Still Invested, Perhaps More Vigilant
At the start of the year, it was easy to upgrade equities. The pace and scale of global equity market declines in Q4 departed significantly from the underlying economic data. Investors were overly bearish. We believed that these fears about a global slowdown were overdone.
Since then, global equity markets staged strong rebounds. The rally thus far has simply been an expected reversal in investor sentiment further supported by positive policy developments. Trade tensions eased, and the once-hawkish Fed has staged a 180-degree pivot in its communication with markets. With these market concerns clearing, the fog of uncertain economic policy should soon lift.
New York Life Investments’ Multi-Asset Solutions team published our 2019 Outlook update to share our detailed macroeconomic and asset class views. In this post, we focus on our high-level market takeaways for the remainder of the year.
Can equities continue to outperform?
Making a high conviction call is more difficult now than it was at start of the year. Valuations are about average, investor sentiment is mixed, and leading indicators of a growth pickup in the second half of the year need further confirmation. This leaves the risk-reward prospects for equities less clear.
In the near term, we expect that the late-cycle environment, lower liquidity, and higher volatility will give us more attractive entry points to add risk. Investors should focus on careful value plays – companies that trade at a discount and exhibit strong balance sheets, stable sales, or high return on investment. Free cash flow generation is likely to be one of the strongest drivers of equity performance.
Fixed income, on the other hand, remains less attractive.
Fixed income fared better than we expected in Q1. A few bad data releases, lower growth forecasts, and Fed dovishness pushed some investors into safer government bonds. In Q1 the aggregate bond index increased 2.9%.
Looking ahead, the risk for bond investors is elevated. Markets are pricing a Federal Funds rate below the Fed’s own expectations. If growth accelerates in the second half of the year as we expect, and inflation expectations start to grind higher, the risk that interest rates and bond yields further out the curve rise is elevated.
The risk/return tradeoff in credit is also less than attractive. Healthy corporate profits and limited refinancing risk will keep defaults low by historical standards, but higher overall interest rates and profit margin pressure could cause defaults to rise modestly not too far down the road. As such, we don’t see investors in speculative grade debt as being particularly well rewarded for the risk they bear.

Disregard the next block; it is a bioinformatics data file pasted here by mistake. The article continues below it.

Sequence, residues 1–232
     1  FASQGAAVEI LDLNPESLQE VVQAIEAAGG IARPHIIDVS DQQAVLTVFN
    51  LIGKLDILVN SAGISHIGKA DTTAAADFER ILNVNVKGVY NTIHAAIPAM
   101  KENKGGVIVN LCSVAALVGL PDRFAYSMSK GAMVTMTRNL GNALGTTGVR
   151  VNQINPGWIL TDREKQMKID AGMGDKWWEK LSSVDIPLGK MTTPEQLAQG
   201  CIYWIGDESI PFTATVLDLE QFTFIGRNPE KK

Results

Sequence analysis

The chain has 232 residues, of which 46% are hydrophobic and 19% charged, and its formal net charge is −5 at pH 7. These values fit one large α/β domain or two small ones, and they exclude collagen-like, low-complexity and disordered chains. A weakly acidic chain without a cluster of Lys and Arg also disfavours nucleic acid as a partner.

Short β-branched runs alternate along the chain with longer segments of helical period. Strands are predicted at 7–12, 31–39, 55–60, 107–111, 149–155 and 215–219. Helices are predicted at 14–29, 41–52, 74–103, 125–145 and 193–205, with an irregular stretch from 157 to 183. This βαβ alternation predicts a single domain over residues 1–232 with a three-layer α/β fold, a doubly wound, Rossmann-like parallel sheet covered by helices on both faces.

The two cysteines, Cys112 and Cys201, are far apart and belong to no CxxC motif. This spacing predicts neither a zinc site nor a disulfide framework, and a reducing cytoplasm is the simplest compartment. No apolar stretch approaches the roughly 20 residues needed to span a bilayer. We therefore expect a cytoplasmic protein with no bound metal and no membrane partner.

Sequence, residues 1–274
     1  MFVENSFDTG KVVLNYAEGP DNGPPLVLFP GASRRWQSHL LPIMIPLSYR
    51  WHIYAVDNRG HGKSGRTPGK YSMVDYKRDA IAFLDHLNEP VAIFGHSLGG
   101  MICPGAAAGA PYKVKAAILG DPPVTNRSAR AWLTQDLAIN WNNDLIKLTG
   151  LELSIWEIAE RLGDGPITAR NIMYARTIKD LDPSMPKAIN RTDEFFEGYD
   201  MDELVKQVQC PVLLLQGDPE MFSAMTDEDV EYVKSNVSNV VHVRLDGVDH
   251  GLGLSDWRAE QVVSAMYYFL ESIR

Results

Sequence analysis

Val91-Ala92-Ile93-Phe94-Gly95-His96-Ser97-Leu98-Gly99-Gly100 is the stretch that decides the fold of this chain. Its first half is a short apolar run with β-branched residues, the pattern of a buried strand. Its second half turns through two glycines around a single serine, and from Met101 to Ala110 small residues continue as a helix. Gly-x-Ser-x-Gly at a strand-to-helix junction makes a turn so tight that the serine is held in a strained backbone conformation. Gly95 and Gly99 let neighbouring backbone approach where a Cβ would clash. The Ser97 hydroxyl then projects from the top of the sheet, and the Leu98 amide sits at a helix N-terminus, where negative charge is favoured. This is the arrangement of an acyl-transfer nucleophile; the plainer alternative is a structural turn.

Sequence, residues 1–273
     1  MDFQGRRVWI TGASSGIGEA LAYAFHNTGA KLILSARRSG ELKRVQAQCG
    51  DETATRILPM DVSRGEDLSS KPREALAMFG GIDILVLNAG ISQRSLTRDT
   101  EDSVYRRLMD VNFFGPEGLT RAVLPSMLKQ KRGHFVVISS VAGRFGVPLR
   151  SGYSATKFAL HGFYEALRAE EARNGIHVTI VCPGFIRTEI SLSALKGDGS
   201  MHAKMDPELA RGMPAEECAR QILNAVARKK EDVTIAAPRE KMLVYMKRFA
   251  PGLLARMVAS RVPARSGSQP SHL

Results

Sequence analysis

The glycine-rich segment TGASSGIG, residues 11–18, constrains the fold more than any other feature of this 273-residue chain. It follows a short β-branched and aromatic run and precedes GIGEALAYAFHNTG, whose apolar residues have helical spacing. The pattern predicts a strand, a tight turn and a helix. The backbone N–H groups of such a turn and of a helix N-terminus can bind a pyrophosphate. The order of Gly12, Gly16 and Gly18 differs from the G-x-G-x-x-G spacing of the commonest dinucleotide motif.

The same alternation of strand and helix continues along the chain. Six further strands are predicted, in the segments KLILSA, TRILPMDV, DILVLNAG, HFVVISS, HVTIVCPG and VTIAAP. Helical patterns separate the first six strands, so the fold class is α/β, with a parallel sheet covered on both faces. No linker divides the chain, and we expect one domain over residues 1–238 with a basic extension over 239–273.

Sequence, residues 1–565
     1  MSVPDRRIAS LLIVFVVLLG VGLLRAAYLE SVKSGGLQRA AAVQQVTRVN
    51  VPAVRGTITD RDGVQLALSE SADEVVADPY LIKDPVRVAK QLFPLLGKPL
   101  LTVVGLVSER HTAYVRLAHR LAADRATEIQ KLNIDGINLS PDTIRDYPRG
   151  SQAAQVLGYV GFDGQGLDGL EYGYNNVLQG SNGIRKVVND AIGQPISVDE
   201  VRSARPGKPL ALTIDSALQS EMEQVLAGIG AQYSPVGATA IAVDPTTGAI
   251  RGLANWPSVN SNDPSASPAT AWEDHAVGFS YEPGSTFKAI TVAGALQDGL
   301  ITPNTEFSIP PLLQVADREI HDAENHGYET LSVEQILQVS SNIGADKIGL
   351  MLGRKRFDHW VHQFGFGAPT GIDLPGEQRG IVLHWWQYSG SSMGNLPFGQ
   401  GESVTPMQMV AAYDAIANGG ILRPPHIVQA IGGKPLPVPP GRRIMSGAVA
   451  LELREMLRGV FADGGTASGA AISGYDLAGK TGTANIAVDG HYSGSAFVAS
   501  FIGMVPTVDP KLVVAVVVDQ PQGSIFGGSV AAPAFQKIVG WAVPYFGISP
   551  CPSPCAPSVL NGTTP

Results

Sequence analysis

That said, fixed income is an important diversifier in investor portfolios. We believe investors should give up some yield in exchange for flexibility and safety. For example, we hold slightly shorter-term debt instruments and higher quality bonds than are contained in our benchmarks, and we look to generate income across a broad range of sources. Timing an impending credit cycle is extremely difficult, but we can prepare our portfolios to take advantage of the inevitable.
Equities are attractively valued relative to fixed income
Sources: New York Life Investments, S&P, Thomson Reuters DataStream, as of 4/22/19.
Our strategy for the remainder of 2019
Equity and fixed income investors appear to be pricing in different levels of risk. What are we to think? At least through 2019, we are inclined to side with other equity investors. Real rates are still quite low, consumer confidence is rebounding, household income continues to expand, and businesses continue to invest in themselves through capital expenditures and share buybacks.
Nevertheless, the late cycle environment raises stakes for investors who must be vigilant for signs the economic engine is finally running out of fuel. Tighter monetary policy, trade concerns, and the government shutdown have contributed to softer data readings. Slower economic growth – compounded by one-off effects of the anniversary of the new tax law – is likely to produce some weakness in the next few months, but conditions thereafter look favorable. Investors will need to be more precise about their risk budgeting and work harder for risk-adjusted returns than they have for most of the post-financial crisis period.
Past performance is no guarantee of future results, which will vary. All investments are subject to market risk and will fluctuate in value.
This material represents an assessment of the market environment as at a specific date; is subject to change; and is not intended to be a forecast of future events or a guarantee of future results. This information should not be relied upon by the reader as research or investment advice regarding the funds or any issuer or security in particular.
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